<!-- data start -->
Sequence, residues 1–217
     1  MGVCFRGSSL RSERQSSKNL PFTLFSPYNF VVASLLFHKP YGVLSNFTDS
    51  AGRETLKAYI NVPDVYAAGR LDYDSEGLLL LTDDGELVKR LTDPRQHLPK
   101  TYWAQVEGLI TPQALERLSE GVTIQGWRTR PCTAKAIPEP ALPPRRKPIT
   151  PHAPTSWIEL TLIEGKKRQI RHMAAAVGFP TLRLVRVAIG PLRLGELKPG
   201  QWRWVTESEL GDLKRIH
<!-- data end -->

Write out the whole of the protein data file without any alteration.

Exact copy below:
Sequence, residues 1–217
     1  MGVCFRGSSL RSERQSSKNL PFTLFSPYNF VVASLLFHKP YGVLSNFTDS
    51  AGRETLKAYI NVPDVYAAGR LDYDSEGLLL LTDDGELVKR LTDPRQHLPK
   101  TYWAQVEGLI TPQALERLSE GVTIQGWRTR PCTAKAIPEP ALPPRRKPIT
   151  PHAPTSWIEL TLIEGKKRQI RHMAAAVGFP TLRLVRVAIG PLRLGELKPG
   201  QWRWVTESEL GDLKRIH